• News Feeds
Page last updated at 07:08 GMT, Thursday, 15 November 2012
Today: Thursday 15th November

China has announced the names of the men who will lead the country for the next ten years. The coalition government is launching a consultation on the way in which child poverty is measured. And also on the programme, discovering the stories of the soldiers, sailors and archers who sank with the Mary Rose.

We are no longer providing clips of every part of the programme but you will be able to listen via the BBC iPlayer .

Business news with Simon Jack on news that as China passes the baton to its new political leaders, business leaders from China and Britain are meeting in Cambridge this week.

Sports news with Garry Richardson.

China's new leaders were elected after a shortlist of ten names is whittled down to a nine man central committee. The BBC's John Sudworth reports from Beijing.

The coalition government is launching a consultation on the way in which child poverty is measured. Paul Johnson, director for the IFS, offers an independent voice on the current system of measurement.

Experts say that the Bayeux tapestry was actually made in different parts of England by nuns. Alex Makin, of Manchester University, explains that this is not true according new research.

Business news with Simon Jack.

Sports news with Garry Richardson.


The military leader of the Palestinian militant group Hamas, Ahmed Jabari, has been assassinated in an Israeli air strike in Gaza. Jeremy Bowen, Middle East editor, and Daniel Taub, Israel's Ambassador to the UK analyse the political implications of the attack.

The paper review.

Danny Boyle and Sir Nicholas Hytner are fronting a campaign on the plight of regional theatres today. The BBC's arts editor Will Gompertz explains that it is not an institution that finds radical change easy.

Thought for the Day with Rev Professor David Wilkinson, Principal of St John's College, Durham University.

The coalition government is launching a consultation on the way in which child poverty is measured. Schools Minister David Laws and Alison Garnham, the chief executive of the Child Poverty Action Group, sets out the current state of child poverty, how we define it and how far off the government are in reaching their targets and if targets are helpful.

Lord McAlpine, the man wrongly accused of being a paedophile after that now infamous Newsnight edition was aired, has been speaking to the BBC about the BBC. BBC Radio 4's The World at One's reporter Becky Milligan describes what she heard from Lord McAlpine and his solicitor.


China has announced the names of the men who will lead the country for the next ten years. The BBC's world affairs editor John Simpson reports from Beijing and David Miliband MP and Cai Yong, visiting professor at the School of Social Development and Public Policy at Fudan University, Shanghai, analyse the news political direction China is likely to take.

Westminster Council has prevented Raymond Blanc's restaurant in Covent Garden to serve pink liver after two diners contracted food poisoning. Tom Parker Bowles, food writer, and Joanna Blythman, investigative food journalist and author of What to Eat, examine whether some foods that are deemed dangerous are worth the risk.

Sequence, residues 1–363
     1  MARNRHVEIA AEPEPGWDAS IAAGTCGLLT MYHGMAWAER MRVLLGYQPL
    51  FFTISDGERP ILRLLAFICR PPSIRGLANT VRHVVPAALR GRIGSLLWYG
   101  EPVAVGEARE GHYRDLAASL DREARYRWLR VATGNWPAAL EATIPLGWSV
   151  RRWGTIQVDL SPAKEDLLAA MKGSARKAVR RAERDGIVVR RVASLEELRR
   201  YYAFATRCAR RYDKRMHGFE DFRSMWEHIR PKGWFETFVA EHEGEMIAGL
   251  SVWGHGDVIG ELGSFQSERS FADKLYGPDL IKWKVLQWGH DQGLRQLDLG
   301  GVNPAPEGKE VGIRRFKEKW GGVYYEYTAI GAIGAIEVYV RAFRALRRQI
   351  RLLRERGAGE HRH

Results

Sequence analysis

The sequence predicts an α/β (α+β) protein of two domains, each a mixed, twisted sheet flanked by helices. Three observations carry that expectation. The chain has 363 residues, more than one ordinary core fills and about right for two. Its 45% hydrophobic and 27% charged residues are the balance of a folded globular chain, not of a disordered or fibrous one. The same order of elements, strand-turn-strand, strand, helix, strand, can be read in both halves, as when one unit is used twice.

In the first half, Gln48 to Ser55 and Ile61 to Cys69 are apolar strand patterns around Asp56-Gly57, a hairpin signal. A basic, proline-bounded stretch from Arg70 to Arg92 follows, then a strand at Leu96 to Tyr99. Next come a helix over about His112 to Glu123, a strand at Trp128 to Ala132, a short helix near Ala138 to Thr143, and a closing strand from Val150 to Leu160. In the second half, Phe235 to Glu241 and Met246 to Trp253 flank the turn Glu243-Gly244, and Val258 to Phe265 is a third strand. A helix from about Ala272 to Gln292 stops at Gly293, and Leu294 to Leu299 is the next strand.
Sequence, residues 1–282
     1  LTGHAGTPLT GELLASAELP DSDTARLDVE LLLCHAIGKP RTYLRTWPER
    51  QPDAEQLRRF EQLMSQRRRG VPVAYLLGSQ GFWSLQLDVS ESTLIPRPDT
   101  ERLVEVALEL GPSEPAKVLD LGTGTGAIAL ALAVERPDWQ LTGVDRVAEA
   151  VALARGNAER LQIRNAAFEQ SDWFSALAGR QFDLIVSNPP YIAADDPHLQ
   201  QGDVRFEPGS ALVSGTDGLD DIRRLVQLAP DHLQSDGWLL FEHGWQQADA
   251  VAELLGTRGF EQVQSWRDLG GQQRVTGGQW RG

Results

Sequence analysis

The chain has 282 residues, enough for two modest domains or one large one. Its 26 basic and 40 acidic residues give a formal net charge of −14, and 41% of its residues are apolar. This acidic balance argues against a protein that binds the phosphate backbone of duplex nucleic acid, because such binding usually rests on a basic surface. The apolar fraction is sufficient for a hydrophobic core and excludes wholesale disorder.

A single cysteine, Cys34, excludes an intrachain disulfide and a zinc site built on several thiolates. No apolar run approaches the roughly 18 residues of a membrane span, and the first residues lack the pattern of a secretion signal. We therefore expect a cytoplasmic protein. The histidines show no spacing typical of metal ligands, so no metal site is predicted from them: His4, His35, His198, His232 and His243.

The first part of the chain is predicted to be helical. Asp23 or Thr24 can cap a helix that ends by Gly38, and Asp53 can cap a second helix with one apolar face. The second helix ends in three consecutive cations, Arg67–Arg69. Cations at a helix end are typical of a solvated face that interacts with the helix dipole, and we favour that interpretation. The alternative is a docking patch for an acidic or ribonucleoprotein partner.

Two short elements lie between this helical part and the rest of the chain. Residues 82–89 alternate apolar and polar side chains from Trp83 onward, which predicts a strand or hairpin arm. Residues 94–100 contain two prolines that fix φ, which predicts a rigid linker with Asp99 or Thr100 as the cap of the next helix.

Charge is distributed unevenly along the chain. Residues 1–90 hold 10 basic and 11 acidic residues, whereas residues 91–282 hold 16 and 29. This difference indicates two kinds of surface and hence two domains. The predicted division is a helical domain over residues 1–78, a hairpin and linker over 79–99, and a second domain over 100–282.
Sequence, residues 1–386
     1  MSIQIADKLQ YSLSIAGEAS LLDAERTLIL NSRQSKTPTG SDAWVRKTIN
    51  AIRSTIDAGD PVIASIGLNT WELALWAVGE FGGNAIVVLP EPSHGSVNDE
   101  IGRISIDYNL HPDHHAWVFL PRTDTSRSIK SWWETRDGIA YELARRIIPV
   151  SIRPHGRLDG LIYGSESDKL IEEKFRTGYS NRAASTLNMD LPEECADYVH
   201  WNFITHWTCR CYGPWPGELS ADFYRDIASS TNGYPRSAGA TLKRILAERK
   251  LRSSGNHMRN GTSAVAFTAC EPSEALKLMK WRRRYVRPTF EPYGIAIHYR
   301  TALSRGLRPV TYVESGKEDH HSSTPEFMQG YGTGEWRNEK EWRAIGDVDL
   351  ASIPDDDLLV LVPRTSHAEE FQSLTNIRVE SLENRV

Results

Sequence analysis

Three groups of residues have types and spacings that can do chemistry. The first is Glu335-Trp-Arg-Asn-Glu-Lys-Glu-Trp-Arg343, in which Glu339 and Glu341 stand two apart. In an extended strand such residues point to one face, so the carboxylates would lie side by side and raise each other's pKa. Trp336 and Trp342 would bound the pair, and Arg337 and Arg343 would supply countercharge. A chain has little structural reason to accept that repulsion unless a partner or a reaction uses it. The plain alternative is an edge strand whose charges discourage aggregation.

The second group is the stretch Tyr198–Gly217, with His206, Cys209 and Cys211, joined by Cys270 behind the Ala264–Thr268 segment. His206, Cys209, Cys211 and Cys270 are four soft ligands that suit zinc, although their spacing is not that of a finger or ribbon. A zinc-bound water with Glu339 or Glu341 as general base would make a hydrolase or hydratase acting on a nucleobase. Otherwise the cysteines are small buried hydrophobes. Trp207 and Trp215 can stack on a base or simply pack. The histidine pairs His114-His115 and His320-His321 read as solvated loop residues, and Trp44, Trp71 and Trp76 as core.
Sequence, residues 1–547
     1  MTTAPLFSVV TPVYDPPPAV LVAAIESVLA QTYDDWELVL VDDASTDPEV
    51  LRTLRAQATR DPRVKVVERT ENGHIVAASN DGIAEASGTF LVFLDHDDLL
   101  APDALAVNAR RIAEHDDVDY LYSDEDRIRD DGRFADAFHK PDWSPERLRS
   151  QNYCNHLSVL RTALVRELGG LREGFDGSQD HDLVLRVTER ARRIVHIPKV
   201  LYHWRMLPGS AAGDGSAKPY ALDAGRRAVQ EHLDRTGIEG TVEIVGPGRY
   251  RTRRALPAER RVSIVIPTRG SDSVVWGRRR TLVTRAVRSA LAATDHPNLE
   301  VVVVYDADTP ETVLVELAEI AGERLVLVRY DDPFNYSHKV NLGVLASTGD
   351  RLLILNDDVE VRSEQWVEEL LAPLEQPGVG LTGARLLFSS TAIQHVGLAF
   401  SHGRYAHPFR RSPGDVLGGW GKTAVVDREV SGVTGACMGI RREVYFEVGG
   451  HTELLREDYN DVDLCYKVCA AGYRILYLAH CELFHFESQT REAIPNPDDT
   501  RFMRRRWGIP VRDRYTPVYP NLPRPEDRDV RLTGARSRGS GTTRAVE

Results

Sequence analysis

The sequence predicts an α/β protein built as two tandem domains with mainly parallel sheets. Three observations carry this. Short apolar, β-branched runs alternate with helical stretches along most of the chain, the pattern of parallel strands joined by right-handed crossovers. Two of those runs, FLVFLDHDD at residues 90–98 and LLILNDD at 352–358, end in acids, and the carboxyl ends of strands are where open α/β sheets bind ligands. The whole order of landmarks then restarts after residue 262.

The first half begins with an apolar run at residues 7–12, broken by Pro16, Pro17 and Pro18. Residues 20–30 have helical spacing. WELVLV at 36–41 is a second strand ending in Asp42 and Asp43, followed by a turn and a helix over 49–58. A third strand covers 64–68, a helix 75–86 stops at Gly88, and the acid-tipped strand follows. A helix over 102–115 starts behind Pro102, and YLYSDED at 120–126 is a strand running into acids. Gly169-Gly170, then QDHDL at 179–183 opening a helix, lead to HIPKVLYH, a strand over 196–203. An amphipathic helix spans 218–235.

Sports news with Garry Richardson.


Three people have been killed in southern Israel by rockets fired from Gaza. It marks the first Israeli fatalities since militants fired into Israel after it killed a Hamas chief yesterday. Eleven Palestinians - mainly militants, but also children - have been killed in the ensuing Israeli operation. BBC reporters Yolande Knell, in the town of Kiryat Malachi on the Israeli/Gaza border and Jon Donnison, in Gaza, have the latest on the attacks.


Business news with Simon Jack. It is Global Entrepreneurship week this week and according to by the think tank Demos, almost all of the preconceptions that the public are said to have about entrepreneurs are wrong. As ordinary people, the study says, entrepreneurs do not like taking risks and they do not think you need original ideas to succeed. Sarah Hashemi, co-founder of Coffee Republic and author of Anyone Can Do It, a book about entrepreneurship, and Steven Fear, an entrepreneur in residence at the British Library, discuss the link between entrepreneurs and risk.

The teachers' union the National Association of Head Teachers (NAHT) is warning that promising people will be forced out of the profession unless more is done to stop online bullying. Bernadette Hunter, vice president of the NAHT, outlines her view on what should be done to tackle bullying among teachers.

Life is changing in China for ordinary people. Diane Wei Liang, Chinese author currently living in London, and Isabel Hilton, editor of Chinadialogue, discuss what effect the enormous amount of wealth that has been created over the past ten years in China has had on the way Chinese people live.

Get in touch with Today via email , Twitter or Facebook or text us on 84844.


Sign in

BBC navigation

Copyright © 2015 BBC. The BBC is not responsible for the content of external sites. Read more.

This page is best viewed in an up-to-date web browser with style sheets (CSS) enabled. While you will be able to view the content of this page in your current browser, you will not be able to get the full visual experience. Please consider upgrading your browser software or enabling style sheets (CSS) if you are able to do so.

Americas Africa Europe Middle East South Asia Asia Pacific